Mentorship is Key
increasing women’s representation in non-traditional
jobs requires role models.
Traditionally, construction was not a field that women considered as a place to work. In fact, women historically were encouraged into teaching, nursing or clerical positions. Times have changed.
Through government, industry and organizations, like Canadian Construction Women (CCW), there is a commitment to increasing women’s representation in non-traditional roles like construction.
There have been several Canadian surveys conducted to understand the progress of women in non-traditional roles. In a survey conducted by Statistics Canada it was found that there has been an increase in women’s presence in the workforce between the years of 1976 to 2009.
In fact, there have been a higher number of women graduating from post-secondary institutions (61 percent of university graduates were women in 2007 compared to 56 percent in 1992); however in trades, the proportion of women to men was still quite low at 1-2 per cent in 2007. In 2007, out of a total of 24,495 individuals who completed an apprenticeship training program, females accounted for 2,780 or 11percent. This proportion has increased from 1991 when it was at 6 per cent.
The construction sector council published a paper titled The State of Women in Construction in Canada in February 2010 in which they conducted a survey to understand what influenced women in their decision to enter the construction industry. One of the factors listed as a barrier to entry was found to be that there is a lack of women role models and mentors for those interested in the industry.
This is where organizations such as CCW can help. Through the network of women in the industry, from construction project managers to a variety of trades’ women, they can help pair women together for mentorship or simple guidance. It is a great resource for women in the Vancouver construction industry to get support from other like-minded women who share the same type of experiences.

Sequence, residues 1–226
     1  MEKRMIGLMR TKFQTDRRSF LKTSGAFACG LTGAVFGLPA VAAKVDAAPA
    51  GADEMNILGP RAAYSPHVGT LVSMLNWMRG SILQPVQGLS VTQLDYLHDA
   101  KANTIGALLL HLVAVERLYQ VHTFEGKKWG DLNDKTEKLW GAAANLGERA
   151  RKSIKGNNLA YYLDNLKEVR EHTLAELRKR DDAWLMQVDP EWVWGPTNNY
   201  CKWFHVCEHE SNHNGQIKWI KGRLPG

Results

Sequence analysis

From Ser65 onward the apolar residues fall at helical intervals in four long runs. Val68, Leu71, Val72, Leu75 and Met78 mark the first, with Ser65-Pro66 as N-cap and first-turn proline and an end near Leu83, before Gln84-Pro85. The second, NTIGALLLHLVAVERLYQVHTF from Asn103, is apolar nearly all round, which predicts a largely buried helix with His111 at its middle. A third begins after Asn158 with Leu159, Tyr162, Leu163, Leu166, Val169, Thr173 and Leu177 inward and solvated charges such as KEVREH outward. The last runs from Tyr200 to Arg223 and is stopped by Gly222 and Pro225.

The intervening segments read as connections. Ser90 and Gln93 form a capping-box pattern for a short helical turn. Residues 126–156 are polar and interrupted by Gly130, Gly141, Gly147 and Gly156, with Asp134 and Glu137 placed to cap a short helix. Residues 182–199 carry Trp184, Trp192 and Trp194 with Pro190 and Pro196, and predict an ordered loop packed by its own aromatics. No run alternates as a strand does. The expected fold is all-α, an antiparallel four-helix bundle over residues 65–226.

Women have more opportunities than ever for training and many schools encourage women to join the trades. The following is a list of some resources for women to gain more information about the trades:
The BC Government job plan website lists several programs and services to help people gain skills and find employment. Under the Women in Trades Training section see: www.itabc.ca/women-trades/overview. Thisis a great resource for learning about different trades, ways of getting trained and funding opportunities.
TradeWorks is an organization based in Vancouver that provides carpentry training to women and youth with multiple barriers to employment: www.tradeworks.bc.ca
BCIT Trades Discovery for Women provides an opportunity for students to gain hands-on experience in a variety of different trades with the goal to help find the one trade that the student is passionate about: www.bcit.ca/study/programs/1190acert.
There are many challenges and unique situations in construction where it is beneficial to have people with a variety of backgrounds working on a solution. Women can provide a different perspective and contribute to a balanced work environment.
Marie-France Venneri, P.Eng, LEED AP BD+C, is a mechanical engineer at AME Consulting Group with eight years of experience in the industry. She is also currently the Vice President of the Canadian Construction Women and has been involved with CCW since 2008.